The change seems to be symbolic. But the main thing is the dynamic, and the fact that these changes affect [investors’] moods. And moods have an impact on investment decisions. And investment leads to growth.
Now the IMF does not expect a recession in Europe. It seems that only Putin, Medvedev and their friends continue to wait for it, a la Orban. But these guys at the same time are continuing to wait until Europe freezes over, so they have a double “joy”. And Pavel’s victory in the Czech Republic shows that the bet that inflation will bring pro-Russian populists to power does not really work either.
The only country from the G7 whose economy is waiting for decline is Britain.
In 2023, UK GDP is expected to fall by 0.6%. A very good example of what populists can do even with a developed economy and functioning institutions.
First, the Brexit hit, which largely determines the current weakness of the British economy, and then the plans to “abolish taxes – increase spending – reduce tariffs” – and now you have already thrown back.
Another example of how dangerous referendums can be on difficult issues that democratic institutions were designed to resolve. And here on the emotions “we pay these bureaucrats” and “we will make Britain British again”, we get an economic crisis and a drop in living standards. Now the polls show that the British have already changed their minds, and today no Brexit would have happened. But it’s too late.
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It is good that there are no pro-Russian populists in Britain, at least among the parties that are being voted for, so the future defeat of the conservatives does not mean the coming to power of “Putin’s friends”.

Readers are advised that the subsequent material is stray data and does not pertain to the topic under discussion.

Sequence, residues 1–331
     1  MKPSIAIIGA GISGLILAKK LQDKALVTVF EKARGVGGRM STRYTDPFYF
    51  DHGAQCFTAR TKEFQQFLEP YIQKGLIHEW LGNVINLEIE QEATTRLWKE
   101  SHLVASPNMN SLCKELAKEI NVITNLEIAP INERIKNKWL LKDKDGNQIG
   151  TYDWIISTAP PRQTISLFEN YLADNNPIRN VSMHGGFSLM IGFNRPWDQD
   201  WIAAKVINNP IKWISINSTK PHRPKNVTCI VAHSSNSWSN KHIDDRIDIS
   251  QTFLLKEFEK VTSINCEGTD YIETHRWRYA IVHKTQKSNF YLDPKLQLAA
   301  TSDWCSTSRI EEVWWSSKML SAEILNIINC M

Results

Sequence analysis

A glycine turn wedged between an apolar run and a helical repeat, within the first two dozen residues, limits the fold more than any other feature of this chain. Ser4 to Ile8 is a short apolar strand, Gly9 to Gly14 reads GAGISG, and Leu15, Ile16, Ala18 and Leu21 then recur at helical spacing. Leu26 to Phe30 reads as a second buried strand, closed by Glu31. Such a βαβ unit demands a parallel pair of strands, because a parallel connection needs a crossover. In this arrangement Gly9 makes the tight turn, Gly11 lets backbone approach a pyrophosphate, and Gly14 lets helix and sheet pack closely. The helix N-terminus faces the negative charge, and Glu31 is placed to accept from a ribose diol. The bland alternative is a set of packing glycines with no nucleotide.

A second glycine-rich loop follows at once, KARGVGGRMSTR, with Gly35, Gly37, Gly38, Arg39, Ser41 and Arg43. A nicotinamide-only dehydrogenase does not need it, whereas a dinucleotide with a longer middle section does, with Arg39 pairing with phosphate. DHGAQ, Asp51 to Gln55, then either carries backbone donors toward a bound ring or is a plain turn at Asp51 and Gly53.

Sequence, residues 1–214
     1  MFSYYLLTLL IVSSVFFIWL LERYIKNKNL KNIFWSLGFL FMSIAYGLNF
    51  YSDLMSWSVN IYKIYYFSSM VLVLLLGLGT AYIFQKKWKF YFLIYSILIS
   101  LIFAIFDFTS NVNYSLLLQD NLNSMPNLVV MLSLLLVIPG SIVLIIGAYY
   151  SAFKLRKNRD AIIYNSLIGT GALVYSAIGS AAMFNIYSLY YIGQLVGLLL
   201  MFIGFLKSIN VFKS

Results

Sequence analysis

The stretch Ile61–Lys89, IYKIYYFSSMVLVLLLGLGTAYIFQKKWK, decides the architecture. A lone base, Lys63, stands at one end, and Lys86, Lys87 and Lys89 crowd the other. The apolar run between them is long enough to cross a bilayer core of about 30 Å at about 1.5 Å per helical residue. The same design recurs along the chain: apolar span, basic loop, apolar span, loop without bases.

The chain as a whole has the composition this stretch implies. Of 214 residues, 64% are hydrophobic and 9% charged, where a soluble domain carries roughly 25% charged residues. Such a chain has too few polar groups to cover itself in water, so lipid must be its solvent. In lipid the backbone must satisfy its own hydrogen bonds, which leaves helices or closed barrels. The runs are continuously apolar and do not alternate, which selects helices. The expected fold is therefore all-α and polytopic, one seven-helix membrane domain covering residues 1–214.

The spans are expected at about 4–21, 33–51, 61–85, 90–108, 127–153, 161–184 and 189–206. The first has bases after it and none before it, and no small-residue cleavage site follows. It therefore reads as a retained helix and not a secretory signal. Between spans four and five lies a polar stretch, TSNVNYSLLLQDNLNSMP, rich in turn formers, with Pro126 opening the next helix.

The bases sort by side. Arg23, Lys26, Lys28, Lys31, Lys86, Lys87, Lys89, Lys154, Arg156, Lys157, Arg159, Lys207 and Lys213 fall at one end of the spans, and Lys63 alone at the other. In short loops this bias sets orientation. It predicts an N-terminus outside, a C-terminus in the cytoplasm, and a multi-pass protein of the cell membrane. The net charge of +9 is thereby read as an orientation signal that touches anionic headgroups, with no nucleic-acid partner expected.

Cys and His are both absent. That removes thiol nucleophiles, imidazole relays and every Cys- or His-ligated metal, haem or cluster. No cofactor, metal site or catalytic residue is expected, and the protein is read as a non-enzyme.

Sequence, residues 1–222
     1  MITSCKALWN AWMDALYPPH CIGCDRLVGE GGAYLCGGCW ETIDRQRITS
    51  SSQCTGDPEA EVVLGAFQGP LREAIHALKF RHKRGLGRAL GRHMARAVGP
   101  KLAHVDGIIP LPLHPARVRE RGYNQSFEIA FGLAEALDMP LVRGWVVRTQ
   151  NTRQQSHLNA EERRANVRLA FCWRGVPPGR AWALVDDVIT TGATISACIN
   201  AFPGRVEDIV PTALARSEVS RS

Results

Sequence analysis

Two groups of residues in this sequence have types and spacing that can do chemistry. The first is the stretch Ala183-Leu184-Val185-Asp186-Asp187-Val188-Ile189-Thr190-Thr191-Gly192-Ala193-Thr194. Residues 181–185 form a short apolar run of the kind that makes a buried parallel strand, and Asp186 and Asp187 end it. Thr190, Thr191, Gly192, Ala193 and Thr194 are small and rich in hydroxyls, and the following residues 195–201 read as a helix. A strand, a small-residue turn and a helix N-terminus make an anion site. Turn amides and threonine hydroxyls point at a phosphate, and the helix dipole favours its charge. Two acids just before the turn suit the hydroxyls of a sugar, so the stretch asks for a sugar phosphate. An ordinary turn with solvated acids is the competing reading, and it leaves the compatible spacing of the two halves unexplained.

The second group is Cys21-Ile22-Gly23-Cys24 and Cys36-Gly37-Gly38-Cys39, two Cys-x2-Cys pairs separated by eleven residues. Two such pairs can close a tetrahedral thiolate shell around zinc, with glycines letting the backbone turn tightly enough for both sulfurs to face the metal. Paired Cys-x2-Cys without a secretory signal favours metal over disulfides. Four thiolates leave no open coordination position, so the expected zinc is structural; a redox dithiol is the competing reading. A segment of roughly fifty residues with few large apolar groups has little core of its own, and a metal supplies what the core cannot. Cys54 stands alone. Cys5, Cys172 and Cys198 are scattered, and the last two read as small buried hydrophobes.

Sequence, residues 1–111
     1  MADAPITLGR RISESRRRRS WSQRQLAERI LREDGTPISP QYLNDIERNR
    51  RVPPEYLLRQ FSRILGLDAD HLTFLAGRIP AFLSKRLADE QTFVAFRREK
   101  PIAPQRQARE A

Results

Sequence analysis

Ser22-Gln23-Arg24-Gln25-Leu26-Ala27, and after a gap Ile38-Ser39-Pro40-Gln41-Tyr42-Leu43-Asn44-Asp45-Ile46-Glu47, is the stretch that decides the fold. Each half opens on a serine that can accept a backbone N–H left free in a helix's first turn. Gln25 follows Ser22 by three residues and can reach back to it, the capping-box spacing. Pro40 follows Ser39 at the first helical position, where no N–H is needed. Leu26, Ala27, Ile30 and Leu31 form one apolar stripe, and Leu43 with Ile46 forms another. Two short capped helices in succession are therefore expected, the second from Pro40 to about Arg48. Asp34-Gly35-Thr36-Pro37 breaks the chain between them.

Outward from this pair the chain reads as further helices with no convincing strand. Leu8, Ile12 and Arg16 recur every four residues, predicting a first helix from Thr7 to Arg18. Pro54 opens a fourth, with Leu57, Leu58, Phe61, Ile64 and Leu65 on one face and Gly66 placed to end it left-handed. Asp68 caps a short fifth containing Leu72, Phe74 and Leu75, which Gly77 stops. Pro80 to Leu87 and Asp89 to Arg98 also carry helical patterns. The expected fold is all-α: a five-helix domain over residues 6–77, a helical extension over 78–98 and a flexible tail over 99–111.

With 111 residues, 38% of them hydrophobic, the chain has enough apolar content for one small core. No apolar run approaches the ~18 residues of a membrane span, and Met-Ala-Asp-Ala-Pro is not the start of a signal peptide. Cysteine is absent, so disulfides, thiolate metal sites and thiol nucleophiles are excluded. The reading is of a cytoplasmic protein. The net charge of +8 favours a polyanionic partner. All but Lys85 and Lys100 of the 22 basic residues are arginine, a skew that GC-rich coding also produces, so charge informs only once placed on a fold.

What can be scary here? Except the prospect of higher oil prices. What can help Putin, because he has restored sales volumes now, by hook or by crook, via gray and black schemes. And the fall in Russian budget revenues is mainly due to lower prices – a price that is defined as “good oil minus a big discount for toxicity”. But if “good oil” grows, then Russian oil may rise in price. For us, the recession in the world, for which Putin and Co. fought so hard, would mean a sharper decline in the Russian economy. Well, instead of a sharp fall, the Russian economy will continue to slide down inevitably, but gradually, continuing to boil the frog.
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Does this mean that all the worst for the global economy is over? No – just the baseline forecast is more optimistic now – without a recession in the U.S. and Europe, and without catastrophic consequences from rising rates. Namely, the growth in the cost of money in the framework of the fight against inflation created the main risks for the global economy. So far, inflation has been brought under control, as it seems, and the world economy has not been overwhelmed. Moreover, even in the stock markets, there have been no loud bursting bubbles so far.
And somewhere in the corner, Erdogan is proudly waiting for his election – with inflation at 80% and the Central Bank of Turkey, which is forbidden to increase the value of money, as part of the fight against inflation named after the economic genius Erdogan.
Read the original article on The New Voice of Ukraine